The Union Minister of State for Personnel, Public Grievances and Pensions has said in Parliament yesterday (29th March, 2017) that the Government has not put in place any mechanism to monitor compliance of ministries and departments with a June 2016 directive of the Cabinet Secretariat (Cab. Sectt.) requiring them to publish on their websites, the progress of work done and major achievements and events, every month
The Minister acknowledged the existence of such a transparency directive, while replying to a set of questions raised in the Lok Sabha by Ms. Ranjeet Ranjan, MP (Indian National Congress) representing Supaul constituency in Bihar and Mr. Rajesh Ranjan @ Pappu Yadav MP, (Rashtriya Janata Dal) representing Madhepura constituency in Bihar. The husband-and-wife duo had based their queries on news reports of a compliance study that CHRI undertook in October, 2016.
Readers will remember that the Cab. Sectt.'s directive was the result of litigation brought by CHRI before the Central Information Commission (CIC) for the proactive disclosure of the monthly reports of work done by every ministry and department that must be prepared and submitted to the Union Cabinet under Rule 10 of the Rules of Procedure in Regard to Proceedings of the Cabinet, 1987. Based on the April 2016 recommendation of the CIC, the Cab. Sectt. issued the transparency directive to all ministries and departments.
In October, 2016, four months after the Cabinet Secretariat issued the transparency directive, we undertook a quick study of the status of compliance of Ministries and Departments. We found only three ministries and two departments fully complying with this requirement. The details of this initial study conducted in October, 2016 which occasioned the parliamentary query are available on our website.
Latest compliance survey of websites of GoI Ministries and Departments
In anticipation of the Central Govt.'s reply to the latest parliamentary query, we surveyed the official websites of 104 ministries and departments under the Government of India, again, to ascertain the current status of compliance with the Cab. Sectt.'s transparency directive. We looked for monthly reports of work done for the period June 2016 - February 2017. Our findings are given below. The dataset compiled during the website survey is in the 2nd attachment.
Compliance Status in Ministries
Compliance Status in Departments
Need for establishing a mechanism to monitor compliance
The Union Minister of State for Personnel, Public Grievances and Pensions said in his reply to the recent parliamentary query that the Central Government had not commissioned CHRI to do a compliance study vis-a-vis the Cab. Sectt.'s transparency directive. Indeed, this is true. CHRI's twin studies are a civil society initiative aimed at presenting evidence-based research to the Government for ensuring compliance of its own ministries and departments with its own directives. This becomes necessary, when the Government fails to set up a mechanism to monitor the implementation of its own directives.
Except the Coal Ministry, other ministries and departments that are compliant with the Cab. Sectt.s' transparency directive seem to be specially preparing these monthly reports for publication, instead of uploading the reports they are required to send to the Union Cabinet. This is an unnecessary and clearly avoidable burden on them.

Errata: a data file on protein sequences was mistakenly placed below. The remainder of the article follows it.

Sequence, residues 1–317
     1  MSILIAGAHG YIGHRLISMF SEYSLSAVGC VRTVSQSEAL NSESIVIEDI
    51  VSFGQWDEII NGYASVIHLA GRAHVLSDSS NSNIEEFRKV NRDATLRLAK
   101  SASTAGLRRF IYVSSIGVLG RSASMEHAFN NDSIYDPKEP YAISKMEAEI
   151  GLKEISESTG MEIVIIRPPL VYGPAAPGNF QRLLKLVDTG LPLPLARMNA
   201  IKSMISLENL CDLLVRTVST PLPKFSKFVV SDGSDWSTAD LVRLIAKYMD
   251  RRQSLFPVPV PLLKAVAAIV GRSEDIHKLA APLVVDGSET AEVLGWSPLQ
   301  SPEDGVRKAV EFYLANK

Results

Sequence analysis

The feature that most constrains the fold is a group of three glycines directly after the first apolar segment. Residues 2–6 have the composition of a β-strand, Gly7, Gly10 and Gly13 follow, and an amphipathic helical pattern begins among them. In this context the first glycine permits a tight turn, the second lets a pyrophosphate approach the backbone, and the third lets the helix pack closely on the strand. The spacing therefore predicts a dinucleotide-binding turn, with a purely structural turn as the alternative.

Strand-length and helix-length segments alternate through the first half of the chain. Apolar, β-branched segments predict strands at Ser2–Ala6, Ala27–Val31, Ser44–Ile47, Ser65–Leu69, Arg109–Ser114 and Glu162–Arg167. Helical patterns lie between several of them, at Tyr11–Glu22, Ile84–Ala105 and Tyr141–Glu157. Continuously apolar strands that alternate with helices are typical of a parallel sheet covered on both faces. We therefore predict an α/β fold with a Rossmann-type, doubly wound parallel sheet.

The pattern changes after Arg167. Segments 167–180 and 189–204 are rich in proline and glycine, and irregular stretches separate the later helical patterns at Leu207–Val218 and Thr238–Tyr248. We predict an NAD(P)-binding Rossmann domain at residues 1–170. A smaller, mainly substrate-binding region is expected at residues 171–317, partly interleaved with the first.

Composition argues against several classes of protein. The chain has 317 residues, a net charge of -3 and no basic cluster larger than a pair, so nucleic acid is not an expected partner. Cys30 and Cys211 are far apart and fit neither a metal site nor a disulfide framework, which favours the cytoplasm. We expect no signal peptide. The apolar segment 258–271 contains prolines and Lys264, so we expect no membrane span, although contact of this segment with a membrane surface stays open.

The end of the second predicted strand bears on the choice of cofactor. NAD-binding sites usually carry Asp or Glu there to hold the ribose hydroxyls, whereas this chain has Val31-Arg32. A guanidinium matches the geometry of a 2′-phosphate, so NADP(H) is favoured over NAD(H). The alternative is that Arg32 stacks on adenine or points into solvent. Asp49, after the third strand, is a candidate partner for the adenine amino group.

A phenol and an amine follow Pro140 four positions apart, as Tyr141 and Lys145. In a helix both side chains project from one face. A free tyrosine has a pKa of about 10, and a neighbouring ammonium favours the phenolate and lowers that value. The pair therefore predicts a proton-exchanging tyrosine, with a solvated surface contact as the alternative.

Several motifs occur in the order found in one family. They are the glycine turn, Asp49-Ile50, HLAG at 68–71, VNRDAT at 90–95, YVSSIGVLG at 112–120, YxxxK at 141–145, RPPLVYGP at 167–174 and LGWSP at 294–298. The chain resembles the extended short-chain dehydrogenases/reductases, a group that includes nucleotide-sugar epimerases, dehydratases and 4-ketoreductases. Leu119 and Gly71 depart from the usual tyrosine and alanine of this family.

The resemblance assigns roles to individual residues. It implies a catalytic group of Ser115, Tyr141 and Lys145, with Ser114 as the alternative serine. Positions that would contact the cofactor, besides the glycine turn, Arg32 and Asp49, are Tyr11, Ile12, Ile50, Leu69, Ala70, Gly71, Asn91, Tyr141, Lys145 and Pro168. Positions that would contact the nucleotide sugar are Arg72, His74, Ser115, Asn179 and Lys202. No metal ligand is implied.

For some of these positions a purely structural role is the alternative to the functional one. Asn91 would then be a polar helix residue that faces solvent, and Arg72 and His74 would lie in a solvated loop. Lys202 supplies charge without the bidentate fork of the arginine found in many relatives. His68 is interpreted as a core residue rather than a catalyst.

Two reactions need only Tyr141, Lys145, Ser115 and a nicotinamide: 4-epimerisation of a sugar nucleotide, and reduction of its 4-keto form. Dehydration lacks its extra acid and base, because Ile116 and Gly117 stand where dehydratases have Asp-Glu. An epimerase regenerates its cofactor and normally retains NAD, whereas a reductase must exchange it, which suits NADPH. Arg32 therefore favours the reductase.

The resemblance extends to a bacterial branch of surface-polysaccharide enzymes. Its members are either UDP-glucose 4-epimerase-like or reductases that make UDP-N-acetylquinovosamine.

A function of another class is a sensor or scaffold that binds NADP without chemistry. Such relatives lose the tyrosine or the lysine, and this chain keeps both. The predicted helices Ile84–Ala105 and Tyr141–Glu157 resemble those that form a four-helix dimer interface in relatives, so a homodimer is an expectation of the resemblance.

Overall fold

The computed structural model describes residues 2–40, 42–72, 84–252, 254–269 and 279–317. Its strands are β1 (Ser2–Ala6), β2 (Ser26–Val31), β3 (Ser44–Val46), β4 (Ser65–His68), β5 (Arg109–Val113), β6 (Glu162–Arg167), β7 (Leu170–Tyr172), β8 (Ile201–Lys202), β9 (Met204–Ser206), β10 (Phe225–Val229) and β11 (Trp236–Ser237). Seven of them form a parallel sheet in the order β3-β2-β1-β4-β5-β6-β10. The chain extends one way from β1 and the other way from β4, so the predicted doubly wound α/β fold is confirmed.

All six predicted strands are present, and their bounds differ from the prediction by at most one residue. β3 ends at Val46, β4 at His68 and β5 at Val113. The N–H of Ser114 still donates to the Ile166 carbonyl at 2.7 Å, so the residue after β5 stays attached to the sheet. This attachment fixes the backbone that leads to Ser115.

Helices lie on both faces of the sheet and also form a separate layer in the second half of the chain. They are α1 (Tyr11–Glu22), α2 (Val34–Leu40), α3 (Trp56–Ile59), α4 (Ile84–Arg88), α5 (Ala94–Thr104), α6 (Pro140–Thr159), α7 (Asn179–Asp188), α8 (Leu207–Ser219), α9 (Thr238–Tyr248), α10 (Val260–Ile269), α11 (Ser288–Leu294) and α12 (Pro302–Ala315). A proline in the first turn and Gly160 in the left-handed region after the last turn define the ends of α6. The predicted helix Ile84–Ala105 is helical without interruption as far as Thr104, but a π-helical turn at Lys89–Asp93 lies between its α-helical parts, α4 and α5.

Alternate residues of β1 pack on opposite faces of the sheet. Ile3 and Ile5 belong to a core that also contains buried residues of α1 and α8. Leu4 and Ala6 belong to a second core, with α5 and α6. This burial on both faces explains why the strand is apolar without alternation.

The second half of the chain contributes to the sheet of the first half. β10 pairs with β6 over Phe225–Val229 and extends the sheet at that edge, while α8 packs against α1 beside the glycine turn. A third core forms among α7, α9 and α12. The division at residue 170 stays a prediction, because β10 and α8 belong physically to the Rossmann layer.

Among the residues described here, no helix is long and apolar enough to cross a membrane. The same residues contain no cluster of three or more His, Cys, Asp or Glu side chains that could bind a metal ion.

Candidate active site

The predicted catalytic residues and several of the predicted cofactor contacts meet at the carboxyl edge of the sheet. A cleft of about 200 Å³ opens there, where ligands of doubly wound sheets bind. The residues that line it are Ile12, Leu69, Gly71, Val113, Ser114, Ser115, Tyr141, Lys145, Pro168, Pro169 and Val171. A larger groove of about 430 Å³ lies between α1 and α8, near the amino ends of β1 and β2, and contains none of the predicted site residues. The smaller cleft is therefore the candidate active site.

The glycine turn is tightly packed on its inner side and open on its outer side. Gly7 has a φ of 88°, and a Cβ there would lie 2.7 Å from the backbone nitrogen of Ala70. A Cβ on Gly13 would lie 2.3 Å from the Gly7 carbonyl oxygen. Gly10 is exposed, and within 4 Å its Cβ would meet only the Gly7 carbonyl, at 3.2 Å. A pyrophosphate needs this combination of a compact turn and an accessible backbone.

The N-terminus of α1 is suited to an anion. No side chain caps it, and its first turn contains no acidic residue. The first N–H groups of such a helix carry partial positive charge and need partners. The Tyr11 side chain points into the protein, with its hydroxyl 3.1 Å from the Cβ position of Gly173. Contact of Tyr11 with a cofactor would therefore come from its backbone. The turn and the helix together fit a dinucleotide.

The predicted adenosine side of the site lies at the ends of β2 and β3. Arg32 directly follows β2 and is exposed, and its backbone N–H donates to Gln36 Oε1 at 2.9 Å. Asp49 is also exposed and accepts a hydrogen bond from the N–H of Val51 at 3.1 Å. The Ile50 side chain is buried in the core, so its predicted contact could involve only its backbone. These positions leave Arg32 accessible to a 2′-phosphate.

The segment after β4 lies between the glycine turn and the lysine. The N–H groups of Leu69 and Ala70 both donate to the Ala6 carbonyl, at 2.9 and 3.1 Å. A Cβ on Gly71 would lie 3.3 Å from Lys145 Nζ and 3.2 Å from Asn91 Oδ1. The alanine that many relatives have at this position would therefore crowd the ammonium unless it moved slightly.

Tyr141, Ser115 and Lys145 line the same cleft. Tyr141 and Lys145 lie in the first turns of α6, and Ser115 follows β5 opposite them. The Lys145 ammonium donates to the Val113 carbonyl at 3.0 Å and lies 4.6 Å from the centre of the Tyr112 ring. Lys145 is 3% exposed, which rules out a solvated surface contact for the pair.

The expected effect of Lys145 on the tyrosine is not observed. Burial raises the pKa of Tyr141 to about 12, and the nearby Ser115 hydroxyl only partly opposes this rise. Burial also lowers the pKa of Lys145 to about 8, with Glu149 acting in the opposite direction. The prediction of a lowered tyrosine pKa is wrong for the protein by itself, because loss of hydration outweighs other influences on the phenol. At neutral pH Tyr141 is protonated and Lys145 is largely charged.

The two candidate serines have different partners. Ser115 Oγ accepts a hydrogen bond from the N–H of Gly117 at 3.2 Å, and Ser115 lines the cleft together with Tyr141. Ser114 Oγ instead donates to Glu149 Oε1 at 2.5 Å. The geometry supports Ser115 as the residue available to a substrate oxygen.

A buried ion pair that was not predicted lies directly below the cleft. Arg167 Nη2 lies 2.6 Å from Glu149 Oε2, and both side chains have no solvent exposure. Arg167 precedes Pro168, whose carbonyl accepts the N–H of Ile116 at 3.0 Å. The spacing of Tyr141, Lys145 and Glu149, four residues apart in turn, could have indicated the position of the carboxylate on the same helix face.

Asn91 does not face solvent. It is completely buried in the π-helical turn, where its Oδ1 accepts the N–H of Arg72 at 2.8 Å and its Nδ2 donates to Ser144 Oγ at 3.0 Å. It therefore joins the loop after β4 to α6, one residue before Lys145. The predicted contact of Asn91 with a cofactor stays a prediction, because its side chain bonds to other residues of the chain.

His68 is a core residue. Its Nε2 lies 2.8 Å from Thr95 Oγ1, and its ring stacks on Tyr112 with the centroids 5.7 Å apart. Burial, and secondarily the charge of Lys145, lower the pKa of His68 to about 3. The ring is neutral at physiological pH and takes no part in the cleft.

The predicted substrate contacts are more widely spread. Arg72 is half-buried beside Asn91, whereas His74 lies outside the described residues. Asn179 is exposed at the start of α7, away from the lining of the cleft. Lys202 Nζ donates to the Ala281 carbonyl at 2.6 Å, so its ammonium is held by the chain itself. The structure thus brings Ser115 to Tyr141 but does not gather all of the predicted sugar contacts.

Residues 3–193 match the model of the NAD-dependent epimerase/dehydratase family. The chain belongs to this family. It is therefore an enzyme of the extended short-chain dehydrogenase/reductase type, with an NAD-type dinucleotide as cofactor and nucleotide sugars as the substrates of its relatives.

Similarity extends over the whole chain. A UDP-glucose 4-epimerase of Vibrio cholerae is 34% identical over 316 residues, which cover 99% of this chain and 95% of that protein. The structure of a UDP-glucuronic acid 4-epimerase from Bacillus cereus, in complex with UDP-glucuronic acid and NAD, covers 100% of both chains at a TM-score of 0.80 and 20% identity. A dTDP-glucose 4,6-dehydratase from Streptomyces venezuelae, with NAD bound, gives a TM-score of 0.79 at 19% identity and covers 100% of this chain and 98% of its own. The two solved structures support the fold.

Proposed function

Monthly progress reports submitted to the Union Cabinet contain two parts- one, classified, as it may contain sensitive information and the other part- unclassified. The Cab. Sectt. must issue a clarificatory directive to all ministries and departments stating that all unclassified portions of the monthly summaries that they submit to the Cabinet must be uploaded on the websites in the same format every month. The classified portions of the monthly summaries which attract the exemptions listed in The Right to Information Act, 2005 may be withheld from publication but a detailed explanation must be provided as to which section of the classified report is being withheld under which exemption clause and why.
A simply monitoring mechanism may be put in place by requiring every ministry and department to certify to the Cab. Sectt. at the time of submission of monthly reports, that they have uploaded the unclassified portions on their website and which classified portions of the report are being withheld for which reasons permissible under the RTI Act and why. This certification and explanation may be submitted along with the monthly report to the Cabinet Sectt. The Cab. Sectt., being the coordinating body between all ministries and departments, must ensure that they comply with its transparency directive. Non-compliance means scant respect for the rule of law by the ministries and departments whose primary duty is to uphold the law of the land and the public interest. Transparency is a non-negotiable in the age of RTI.
Compliance with the Cab. Sectts.' transparency directive is imperative because it gives effect to Section 25(1)(c) of the RTI Act which requires the Central Government to ensure that all public authorities under its jurisdiction disseminate accurate information about their activities in a timely manner.
I hope RTI users and advocates who read this email alert will write to the Cab. Sectt. to establish a mechanism to monitor compliance with its transparency directive in all ministries and departments.
(The author thanks Ms. Dhriti Mehta of I.P. College for Women who interned with CHRI and Ms. Sneha Chandna, Research Assistant, CHRI for all assistance provided in compiling this data.)